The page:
adjective Heraldry.

cut off or abridged in some way, as a cross potent formed as a swastika.

Origin of rebated

First recorded in 1580–90; rebate1 + -ed2
Related formsun·re·bat·ed, adjective


[noun ree-beyt; verb ree-beyt, ri-beyt]


a return of part of the original payment for some service or merchandise; partial refund.

verb (used with object), re·bat·ed, re·bat·ing.

to allow as a discount.
to deduct (a certain amount), as from a total.
to return (part of an original payment): He rebated five dollars to me.
to provide a rebate for (merchandise) after purchase: The manufacturer is rebating this air conditioner.
to blunt (an edged or pointed weapon).
to cover the edge or point of (an edged or pointed weapon) in order to make it incapable of cutting or piercing.

verb (used without object), re·bat·ed, re·bat·ing.

to allow rebates, especially as the policy or practice of a company, store, etc.

Origin of rebate

1400–50; late Middle English rebaten (v.) < Old French rabatre to beat, put down, equivalent to re- re- + (a)batre; see abate
Related formsre·bat·a·ble, re·bate·a·ble, adjectivere·bat·er, noun
Can be confusedrabbet rabbit rarebit rebate


[ree-beyt, rab-it]

noun, verb, re·bat·ed, re·bat·ing. Unabridged Based on the Random House Unabridged Dictionary, © Random House, Inc. 2019

Examples from the Web for rebated

Historical Examples of rebated

  • The holes in both pieces are bored for the dowels before they are rebated.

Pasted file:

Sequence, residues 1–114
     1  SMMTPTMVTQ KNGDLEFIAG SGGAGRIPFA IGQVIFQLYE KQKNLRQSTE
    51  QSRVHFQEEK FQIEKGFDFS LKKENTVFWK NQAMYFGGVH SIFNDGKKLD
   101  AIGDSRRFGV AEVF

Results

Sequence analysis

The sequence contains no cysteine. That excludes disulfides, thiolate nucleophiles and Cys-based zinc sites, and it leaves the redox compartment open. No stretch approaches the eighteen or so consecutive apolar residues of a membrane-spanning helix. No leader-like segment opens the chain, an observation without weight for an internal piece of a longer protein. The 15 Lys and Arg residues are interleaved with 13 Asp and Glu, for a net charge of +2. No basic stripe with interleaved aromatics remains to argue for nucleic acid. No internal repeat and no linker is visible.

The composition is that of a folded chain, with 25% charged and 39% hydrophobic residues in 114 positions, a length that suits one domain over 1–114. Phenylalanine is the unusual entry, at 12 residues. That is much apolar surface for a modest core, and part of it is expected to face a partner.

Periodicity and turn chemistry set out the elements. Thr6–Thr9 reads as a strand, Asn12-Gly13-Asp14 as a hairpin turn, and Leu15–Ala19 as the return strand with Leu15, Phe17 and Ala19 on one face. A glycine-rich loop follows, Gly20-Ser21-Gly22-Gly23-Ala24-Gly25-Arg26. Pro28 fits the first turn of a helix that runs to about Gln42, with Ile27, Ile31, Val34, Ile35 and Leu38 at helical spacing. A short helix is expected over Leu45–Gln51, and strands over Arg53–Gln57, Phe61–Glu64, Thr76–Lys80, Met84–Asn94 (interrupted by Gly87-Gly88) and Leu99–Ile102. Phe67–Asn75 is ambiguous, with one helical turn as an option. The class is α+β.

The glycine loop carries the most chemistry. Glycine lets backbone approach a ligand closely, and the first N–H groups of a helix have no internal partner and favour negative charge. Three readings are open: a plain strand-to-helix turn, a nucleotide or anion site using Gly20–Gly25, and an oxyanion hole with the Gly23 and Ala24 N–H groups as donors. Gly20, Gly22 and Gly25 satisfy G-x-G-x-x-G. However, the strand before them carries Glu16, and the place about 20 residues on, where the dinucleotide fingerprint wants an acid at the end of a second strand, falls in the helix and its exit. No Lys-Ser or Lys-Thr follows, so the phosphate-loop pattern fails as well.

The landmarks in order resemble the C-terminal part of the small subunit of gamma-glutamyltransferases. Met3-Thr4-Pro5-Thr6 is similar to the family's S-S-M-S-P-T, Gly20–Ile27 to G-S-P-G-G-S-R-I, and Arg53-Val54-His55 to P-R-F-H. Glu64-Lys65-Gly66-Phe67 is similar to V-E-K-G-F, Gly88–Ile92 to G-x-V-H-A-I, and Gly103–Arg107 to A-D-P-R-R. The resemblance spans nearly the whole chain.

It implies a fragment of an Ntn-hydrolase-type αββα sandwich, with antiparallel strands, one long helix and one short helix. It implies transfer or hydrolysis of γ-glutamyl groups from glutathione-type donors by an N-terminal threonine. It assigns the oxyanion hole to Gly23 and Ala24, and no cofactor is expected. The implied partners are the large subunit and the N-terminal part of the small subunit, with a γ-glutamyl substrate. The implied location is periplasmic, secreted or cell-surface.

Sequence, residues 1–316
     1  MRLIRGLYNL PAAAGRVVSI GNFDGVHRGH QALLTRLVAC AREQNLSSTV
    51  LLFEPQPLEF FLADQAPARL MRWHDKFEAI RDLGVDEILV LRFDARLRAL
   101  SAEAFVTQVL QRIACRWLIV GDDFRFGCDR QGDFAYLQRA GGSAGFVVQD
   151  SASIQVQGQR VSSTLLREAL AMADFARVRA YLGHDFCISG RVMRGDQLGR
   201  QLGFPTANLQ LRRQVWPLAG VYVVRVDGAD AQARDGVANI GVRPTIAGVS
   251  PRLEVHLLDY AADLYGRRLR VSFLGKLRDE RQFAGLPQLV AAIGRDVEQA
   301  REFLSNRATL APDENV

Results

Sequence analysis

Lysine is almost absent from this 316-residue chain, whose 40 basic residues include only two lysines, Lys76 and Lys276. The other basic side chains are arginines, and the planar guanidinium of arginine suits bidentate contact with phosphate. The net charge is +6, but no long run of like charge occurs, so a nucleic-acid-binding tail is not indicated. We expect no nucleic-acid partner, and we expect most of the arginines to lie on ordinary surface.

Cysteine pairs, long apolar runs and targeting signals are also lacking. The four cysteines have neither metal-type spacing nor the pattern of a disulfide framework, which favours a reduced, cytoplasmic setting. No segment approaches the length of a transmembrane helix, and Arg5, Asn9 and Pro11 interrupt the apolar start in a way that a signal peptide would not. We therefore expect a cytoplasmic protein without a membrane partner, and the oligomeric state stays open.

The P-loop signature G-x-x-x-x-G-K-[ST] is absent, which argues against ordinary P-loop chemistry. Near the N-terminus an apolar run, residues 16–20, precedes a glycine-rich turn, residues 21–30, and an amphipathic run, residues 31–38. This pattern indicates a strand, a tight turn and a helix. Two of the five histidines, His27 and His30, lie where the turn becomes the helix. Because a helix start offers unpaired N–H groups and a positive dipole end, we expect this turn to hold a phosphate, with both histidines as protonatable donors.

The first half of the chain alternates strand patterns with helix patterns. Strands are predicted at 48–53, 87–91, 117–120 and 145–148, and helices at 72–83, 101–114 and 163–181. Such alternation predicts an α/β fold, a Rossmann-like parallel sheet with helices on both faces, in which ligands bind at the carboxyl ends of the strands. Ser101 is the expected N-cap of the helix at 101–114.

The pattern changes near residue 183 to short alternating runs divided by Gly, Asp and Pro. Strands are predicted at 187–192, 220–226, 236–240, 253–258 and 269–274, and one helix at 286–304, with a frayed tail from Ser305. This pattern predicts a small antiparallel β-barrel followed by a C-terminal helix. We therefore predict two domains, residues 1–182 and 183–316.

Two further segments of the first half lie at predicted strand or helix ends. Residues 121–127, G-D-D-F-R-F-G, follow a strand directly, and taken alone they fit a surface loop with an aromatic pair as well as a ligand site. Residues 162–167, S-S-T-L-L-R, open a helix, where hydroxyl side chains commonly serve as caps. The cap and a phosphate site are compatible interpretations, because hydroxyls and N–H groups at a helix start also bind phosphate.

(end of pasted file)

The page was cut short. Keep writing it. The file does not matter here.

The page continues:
Woodwork Joints

    William Fairham

  • Fig. 260 is a rebated joint, broken at the front by a bead moulding.

    Woodwork Joints

    William Fairham

  • The ends to be joined are planed up true and square and then rebated as shown.

    Woodwork Joints

    William Fairham

  • They are rebated for shutters, the old hooks for which also remain.

  • Fig. 61 (A) shows the well-known "Oxford frame," illustrating halved joints when the edge is rebated.

    Woodwork Joints

    William Fairham

British Dictionary definitions for rebated



noun (ˈriːbeɪt)

a refund of a fraction of the amount payable or paid, as for goods purchased in quantity; discount

verb (rɪˈbeɪt) (tr)

to deduct (a part) of a payment from (the total)
archaic to reduce or diminish (something or the effectiveness of something)
Derived Formsrebatable or rebateable, adjectiverebater, noun

Word Origin for rebate

C15: from Old French rabattre to beat down, hence reduce, deduct, from re- + abatre to put down; see abate



noun, verb

another word for rabbet
Collins English Dictionary - Complete & Unabridged 2012 Digital Edition © William Collins Sons & Co. Ltd. 1979, 1986 © HarperCollins Publishers 1998, 2000, 2003, 2005, 2006, 2007, 2009, 2012

Word Origin and History for rebated



1650s, from rebate (v.).



late 14c., "to reduce;" early 15c., "to deduct, subtract," from Old French rabattre "beat down, drive back," also "deduct," from re- "repeatedly" (see re-) + abattre "beat down" (see abate). Meaning "to pay back (a sum) as a rebate" is from 1957. Related: Rebated; rebating.

Online Etymology Dictionary, © 2010 Douglas Harper

rebated in Culture


The return of part of a payment for a good. Unlike a discount, which is deducted from the price before purchase, a rebate is returned after purchase.

The New Dictionary of Cultural Literacy, Third Edition Copyright © 2005 by Houghton Mifflin Harcourt Publishing Company. Published by Houghton Mifflin Harcourt Publishing Company. All rights reserved.